Going to an Italian bar is not just about having or offering a coffee. It’s like attending a theatre play, a show whose drama encompasses culture, identity, and uniqueness. The many scenes that follow are: espresso (ristretto, single, double, iced, macchiato, macchiatone, macchiato only with foam, corretto, very hot, served in a glass, served in a large cup), cappuccino (light, dark, with foam, without foam, spiced, very hot, cold, lukewarm, lightly macchiato, macchiato with chocolate, drowned, with soy, coconut, hazelnut, rice or oat milk). It can be drunk quickly, whilst standing up and chatting to the barman who knows everyone, speaks to everyone and remembers how everyone takes their coffee. Meeting with friends and enemies and chatting about the football score, politics, women and cars but also personal, family or work matters. A real Italian show! PS: Coffee has always been a drink loved by artists and musicians alike. Johann Sebastian Bach, a real aficionado, wrote a piece called “The coffee cantata”. Voltaire is said to have drunk 40 cups a day, to which he added chocolate. He wrote: “If coffee is poison, it’s a very slow poison.” Ludwig Van Beethoven was also crazy about coffee, and prepared it with exactly 60 beans per cup.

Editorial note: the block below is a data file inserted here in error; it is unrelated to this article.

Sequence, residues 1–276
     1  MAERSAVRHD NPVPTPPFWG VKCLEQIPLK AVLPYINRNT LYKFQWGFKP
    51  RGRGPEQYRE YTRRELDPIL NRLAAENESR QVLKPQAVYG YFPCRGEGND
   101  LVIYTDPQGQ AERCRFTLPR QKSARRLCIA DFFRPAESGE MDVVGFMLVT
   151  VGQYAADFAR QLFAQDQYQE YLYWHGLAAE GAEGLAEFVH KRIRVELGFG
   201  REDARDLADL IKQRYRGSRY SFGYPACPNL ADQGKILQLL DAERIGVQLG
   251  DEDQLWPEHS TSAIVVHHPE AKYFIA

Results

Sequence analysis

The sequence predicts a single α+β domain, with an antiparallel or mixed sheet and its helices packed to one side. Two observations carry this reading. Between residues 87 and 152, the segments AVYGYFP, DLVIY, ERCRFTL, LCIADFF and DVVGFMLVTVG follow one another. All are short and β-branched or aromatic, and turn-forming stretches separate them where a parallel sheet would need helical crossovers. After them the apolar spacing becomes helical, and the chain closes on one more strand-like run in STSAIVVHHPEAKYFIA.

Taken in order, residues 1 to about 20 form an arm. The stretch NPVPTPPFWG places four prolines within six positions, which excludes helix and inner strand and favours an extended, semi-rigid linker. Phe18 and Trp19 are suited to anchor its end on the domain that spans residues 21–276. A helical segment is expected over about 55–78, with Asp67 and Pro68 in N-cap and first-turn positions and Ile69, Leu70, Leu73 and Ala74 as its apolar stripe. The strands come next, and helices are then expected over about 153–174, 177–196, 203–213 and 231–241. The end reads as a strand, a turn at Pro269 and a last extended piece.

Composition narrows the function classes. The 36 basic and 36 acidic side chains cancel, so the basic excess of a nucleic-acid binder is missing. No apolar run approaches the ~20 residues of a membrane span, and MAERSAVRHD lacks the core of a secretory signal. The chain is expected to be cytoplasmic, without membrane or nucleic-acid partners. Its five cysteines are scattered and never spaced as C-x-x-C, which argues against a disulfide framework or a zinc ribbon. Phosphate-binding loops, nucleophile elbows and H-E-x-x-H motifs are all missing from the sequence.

Our favourites in Florence are: Caffè Gigli (a historical bar in Italy, open since 1733), Ditta Artigianale Sant’Ambrogio (true coffee connoisseurs), Dolci & Dolcezze (made to complement their patisserie), Pasticceria Stefania (a sweet love story), Pasticceria Gualtieri (vegan and gluten free, open since 1933), Pasticceria Giorgio (an institution in town), Todo Modo (for coffee and a book), Rivoire (accompanied by beautiful history, open since 1872). These are merely a few - one only needs to get lost in the streets of Florence and walk into any bar to discover a stage where everyone is both an actor and a viewer at the same time.